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Finding a study-life balance: support for Trinity students

Dr Carys Brown charts her journey from secondary school teacher to Head of Academic, Personal and Professional Development at Trinity and how we can all benefit from ‘goal-setting breakfasts’.

Dr Carys Brown

What does the Head of Academic Personal and Professional Development do and why is the role needed?

I’m responsible for putting together a programme of workshops, regular group study sessions, and one-to-one support that gives undergraduates and postgraduates opportunities to hone their skills for study, find sustainable ways to balance work and life, and plan for the future beyond their degree.

Students come to Trinity from all over the world, and from vastly different educational backgrounds. For some, the modes of teaching and learning at Cambridge will be quite familiar, but others are faced with a whole new approach that requires totally new skills.

It’s important that we’re transparent about what we’re asking of students, and that we support them as they adjust to academic life.

It’s also apparent that for many students the need to work out what they will do after university can become a considerable cause for stress, even from quite early on in their degree. So ensuring that there is plenty of advice and support for students in thinking about their career is crucial not only in hopefully helping them find a bright future, but also in helping them enjoy the present.

How do students benefit?

They gain practical strategies for managing academic life in Cambridge, support with career goals, and (I hope) a sense of belonging in the academic community of the College.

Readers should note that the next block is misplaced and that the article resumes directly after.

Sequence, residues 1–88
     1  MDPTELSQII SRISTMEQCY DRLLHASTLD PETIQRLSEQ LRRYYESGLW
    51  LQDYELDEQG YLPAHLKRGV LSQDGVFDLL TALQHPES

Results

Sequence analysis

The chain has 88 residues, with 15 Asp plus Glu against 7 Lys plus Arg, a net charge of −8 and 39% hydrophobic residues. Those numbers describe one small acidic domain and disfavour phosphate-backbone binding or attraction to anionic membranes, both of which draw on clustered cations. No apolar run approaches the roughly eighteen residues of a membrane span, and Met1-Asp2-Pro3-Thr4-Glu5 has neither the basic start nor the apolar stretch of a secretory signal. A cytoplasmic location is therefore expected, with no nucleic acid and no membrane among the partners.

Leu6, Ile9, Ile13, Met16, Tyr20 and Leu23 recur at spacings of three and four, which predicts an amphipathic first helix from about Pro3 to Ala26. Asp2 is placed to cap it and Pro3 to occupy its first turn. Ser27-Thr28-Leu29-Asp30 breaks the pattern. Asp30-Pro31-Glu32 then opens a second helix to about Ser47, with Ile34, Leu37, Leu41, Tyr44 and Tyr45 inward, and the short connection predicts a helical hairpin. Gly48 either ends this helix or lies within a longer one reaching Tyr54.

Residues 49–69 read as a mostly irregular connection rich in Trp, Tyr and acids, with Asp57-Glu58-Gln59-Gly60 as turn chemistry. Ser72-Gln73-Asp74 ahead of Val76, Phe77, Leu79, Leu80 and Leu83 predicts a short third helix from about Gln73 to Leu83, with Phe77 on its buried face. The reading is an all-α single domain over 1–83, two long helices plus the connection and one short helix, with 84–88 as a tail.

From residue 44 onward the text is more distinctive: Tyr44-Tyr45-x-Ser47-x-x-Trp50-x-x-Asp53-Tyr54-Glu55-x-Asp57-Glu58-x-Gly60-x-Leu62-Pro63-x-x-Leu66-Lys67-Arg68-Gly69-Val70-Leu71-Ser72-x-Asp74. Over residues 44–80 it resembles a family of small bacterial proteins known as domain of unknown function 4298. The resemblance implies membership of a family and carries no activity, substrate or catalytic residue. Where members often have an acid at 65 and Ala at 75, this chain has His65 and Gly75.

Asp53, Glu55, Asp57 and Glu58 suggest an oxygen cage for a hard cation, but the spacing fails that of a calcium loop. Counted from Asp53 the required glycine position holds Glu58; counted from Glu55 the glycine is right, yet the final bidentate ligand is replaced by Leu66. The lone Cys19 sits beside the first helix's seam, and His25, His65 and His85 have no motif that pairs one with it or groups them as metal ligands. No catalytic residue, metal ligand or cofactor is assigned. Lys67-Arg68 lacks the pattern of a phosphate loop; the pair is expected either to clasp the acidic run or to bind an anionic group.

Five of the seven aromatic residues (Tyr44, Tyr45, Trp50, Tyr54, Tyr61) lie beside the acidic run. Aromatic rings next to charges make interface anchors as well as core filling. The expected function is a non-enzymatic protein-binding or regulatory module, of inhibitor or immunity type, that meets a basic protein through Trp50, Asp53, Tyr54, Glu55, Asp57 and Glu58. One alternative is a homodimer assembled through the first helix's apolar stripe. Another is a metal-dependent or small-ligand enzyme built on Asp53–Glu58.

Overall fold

There are currently three core aspects to the programme: practical workshops on topics such as essay writing, note-taking, or applying for internships; regular group study sessions, where students can come along and work alongside others with breaks for tea, biscuits, and conversation; and one-to-one support with academic-related issues, career aims, and (for students with English as a second language) spoken or written English.

I also run an Inclusive Teaching and Learning Group for postgrads, postdocs, and Fellows in the College, which allows us all some space to reflect on our teaching in a way that hopefully benefits our students.

What is your background?

I was an undergraduate student at Murray Edwards College, and then did a PGCE at Queens’ College. After that I taught history at a school in Essex but, while I enjoyed many aspects of teaching, I still felt like I had a research itch to scratch.

I returned to study at St John’s College, where I completed an MPhil and PhD, and after some postdoctoral work at the University of Manchester returned to Cambridge to join Trinity as a Title A Research Fellow. Although I left the secondary teaching profession, I’ve retained a strong interest in teaching and in the transition from school to university life and beyond, so my current role here suits my interests very well.

What do you enjoy most being Head of Academic Personal and Professional Development?

Meeting lots of different students! I’ve always enjoyed teaching historians, but it’s great to get to know students from across lots of different disciplines.

On Mondays I run a ‘Goal-setting breakfast’ when students come along to plan their week, and hearing about what students have been up to is a lovely start to my week! It’s an informal session, and students plan their week however they wish, but often use the planning templates that I provide.

One tip I’ve learned that I find useful (and I know some students who agree) is to choose three substantial but realistic ‘non-negotiable’ tasks for the day from my to-do list. Three things might not seem like very many, but it’s a helpful way of prioritising, and finishing those things brings a sense of satisfaction that you don’t get from a never-ending to-do list!

How do you balance your research with this role?

Term time is pretty busy with students, but that’s not always a bad thing for research! Talking to students about how they approach their studies and how they structure their writing definitely makes me reflect on my own approach to academic work.

It’s also useful to have to explain my research to people outside of my field. My current project is on children and childhood in eighteenth-century England, and the questions some students ask about it help me clarify my ideas.

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